Nasogastric Intubation Periprocedural Care

Updated: May 26, 2017
  • Author: Gil Z Shlamovitz, MD, FACEP; Chief Editor: Vikram Kate, MBBS, MS, PhD, FACS, FACG, FRCS, FRCS(Edin), FRCS(Glasg), FIMSA, MAMS, MASCRS  more...
  • Print
Periprocedural Care

Equipment

The following equipment is needed for nasogastricn (NG) intubation (see the image below):

  • NG tube (for adult patients) - 16-18 French
  • NG tube (for pediatric patients) - In pediatric patients, the correct tube size varies with the patient's age; to find the correct size (in French), add 16 to the patient's age in years and then divide by 2, so that for an 8-year-old child, for example, the correct size is 12 French ([8 + 16]/2 = 12)
  • Viscous lidocaine 2%
  • Oral analgesic spray (benzocaine spray or other)
  • Syringe, 10 mL
  • Glass of water with a straw
  • Water-based lubricant
  • Toomey syringe, 60 mL
  • Tape
  • Emesis basin or plastic bag
  • Wall suction, set to low intermittent suction
  • Suction tubing and container
Equipment for nasogastric intubation. Equipment for nasogastric intubation.
Next:

Patient Preparation

Anesthesia

Various methods of topical anesthesia for NG intubation have been proved effective in pain relief and improve the likelihood of successful NG intubation. [1, 2, 3, 4, 5]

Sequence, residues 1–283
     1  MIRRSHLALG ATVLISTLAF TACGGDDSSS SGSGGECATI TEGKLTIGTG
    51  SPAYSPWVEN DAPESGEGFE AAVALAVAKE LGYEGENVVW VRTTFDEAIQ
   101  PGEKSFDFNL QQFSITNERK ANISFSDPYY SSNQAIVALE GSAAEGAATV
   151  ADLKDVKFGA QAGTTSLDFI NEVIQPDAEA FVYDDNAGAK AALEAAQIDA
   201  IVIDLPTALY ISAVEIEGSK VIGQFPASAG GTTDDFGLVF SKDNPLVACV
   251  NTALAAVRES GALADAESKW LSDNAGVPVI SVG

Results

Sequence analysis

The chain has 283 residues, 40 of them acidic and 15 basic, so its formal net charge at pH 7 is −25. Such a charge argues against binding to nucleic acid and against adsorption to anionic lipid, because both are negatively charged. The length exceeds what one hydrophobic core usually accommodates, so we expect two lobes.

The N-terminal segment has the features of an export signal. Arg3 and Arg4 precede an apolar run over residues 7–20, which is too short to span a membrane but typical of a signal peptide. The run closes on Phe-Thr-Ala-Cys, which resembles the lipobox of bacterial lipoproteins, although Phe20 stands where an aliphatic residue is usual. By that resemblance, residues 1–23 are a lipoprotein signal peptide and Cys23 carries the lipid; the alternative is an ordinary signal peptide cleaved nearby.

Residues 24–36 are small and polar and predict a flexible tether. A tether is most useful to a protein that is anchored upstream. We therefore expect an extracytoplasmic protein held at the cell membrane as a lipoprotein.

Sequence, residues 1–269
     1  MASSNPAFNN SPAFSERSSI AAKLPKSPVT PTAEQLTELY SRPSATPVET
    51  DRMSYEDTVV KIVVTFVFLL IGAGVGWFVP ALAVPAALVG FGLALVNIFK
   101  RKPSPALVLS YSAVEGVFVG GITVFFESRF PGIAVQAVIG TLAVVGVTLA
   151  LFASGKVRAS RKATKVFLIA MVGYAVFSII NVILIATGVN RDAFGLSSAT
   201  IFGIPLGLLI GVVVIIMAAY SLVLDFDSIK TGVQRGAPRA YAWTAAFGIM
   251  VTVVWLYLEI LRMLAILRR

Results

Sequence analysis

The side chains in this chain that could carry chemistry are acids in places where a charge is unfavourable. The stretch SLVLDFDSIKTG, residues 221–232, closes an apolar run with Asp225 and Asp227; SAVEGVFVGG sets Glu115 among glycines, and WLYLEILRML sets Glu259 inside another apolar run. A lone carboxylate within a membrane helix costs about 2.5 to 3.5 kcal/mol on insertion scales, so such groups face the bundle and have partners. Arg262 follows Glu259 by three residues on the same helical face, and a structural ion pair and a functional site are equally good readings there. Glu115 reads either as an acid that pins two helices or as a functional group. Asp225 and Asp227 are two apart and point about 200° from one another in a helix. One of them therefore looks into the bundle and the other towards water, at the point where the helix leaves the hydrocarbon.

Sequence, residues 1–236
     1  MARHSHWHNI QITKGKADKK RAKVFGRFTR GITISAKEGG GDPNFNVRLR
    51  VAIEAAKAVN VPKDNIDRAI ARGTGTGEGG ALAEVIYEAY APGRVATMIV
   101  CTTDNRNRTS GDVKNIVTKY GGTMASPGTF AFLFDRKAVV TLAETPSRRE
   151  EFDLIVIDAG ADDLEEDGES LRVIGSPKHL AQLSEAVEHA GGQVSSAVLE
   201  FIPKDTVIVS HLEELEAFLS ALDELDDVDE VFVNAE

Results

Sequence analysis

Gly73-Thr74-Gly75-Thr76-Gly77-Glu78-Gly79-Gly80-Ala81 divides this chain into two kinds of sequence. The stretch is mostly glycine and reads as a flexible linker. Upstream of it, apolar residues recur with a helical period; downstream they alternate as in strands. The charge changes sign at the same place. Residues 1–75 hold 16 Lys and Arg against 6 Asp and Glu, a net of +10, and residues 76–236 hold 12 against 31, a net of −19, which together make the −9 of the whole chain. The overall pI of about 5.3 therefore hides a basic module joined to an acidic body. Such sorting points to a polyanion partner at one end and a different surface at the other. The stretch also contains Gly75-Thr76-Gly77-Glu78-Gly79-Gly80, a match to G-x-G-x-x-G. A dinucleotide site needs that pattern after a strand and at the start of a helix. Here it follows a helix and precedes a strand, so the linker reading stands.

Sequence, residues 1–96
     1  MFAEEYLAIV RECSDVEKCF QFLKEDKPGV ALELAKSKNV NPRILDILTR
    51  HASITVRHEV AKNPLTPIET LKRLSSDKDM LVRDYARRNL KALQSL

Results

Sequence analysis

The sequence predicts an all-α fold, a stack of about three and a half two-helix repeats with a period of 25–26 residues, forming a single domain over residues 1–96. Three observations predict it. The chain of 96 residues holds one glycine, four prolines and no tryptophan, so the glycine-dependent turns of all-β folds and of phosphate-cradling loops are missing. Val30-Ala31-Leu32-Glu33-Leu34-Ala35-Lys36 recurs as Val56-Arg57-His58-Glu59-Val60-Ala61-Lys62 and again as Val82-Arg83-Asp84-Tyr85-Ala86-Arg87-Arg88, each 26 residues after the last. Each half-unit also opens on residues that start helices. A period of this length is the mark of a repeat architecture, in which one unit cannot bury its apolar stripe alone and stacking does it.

The use of viscous lidocaine (ie, the sniff and swallow method) was found to significantly reduce the pain and gagging sensation associated with NG tube insertion. [6]  Viscous lidocaine is discussed in more detail in the Technique section below.

Alternative techniques include the following:

  • Nebulization of lidocaine 1% or 4% through a face mask (≤4 mg/kg; not to exceed 200 mg per dose in adults) is an option; the authors recommend that a preservative-free lidocaine (ie, intravenous lidocaine) be used for nebulization in order to minimize the risk of allergic reaction
  • An anesthetic spray that contains benzocaine or a tetracaine/benzocaine/butyl aminobenzoate combination may be applied to the nasal and oropharyngeal mucosa; be advised that incidents of methemoglobinemia after a single use of benzocaine topical sprays have been reported to the US Food and Drug Administration (FDA); for more information, see  Anesthesia, Topical

Positioning

The patient should be seated in an upright position.

Previous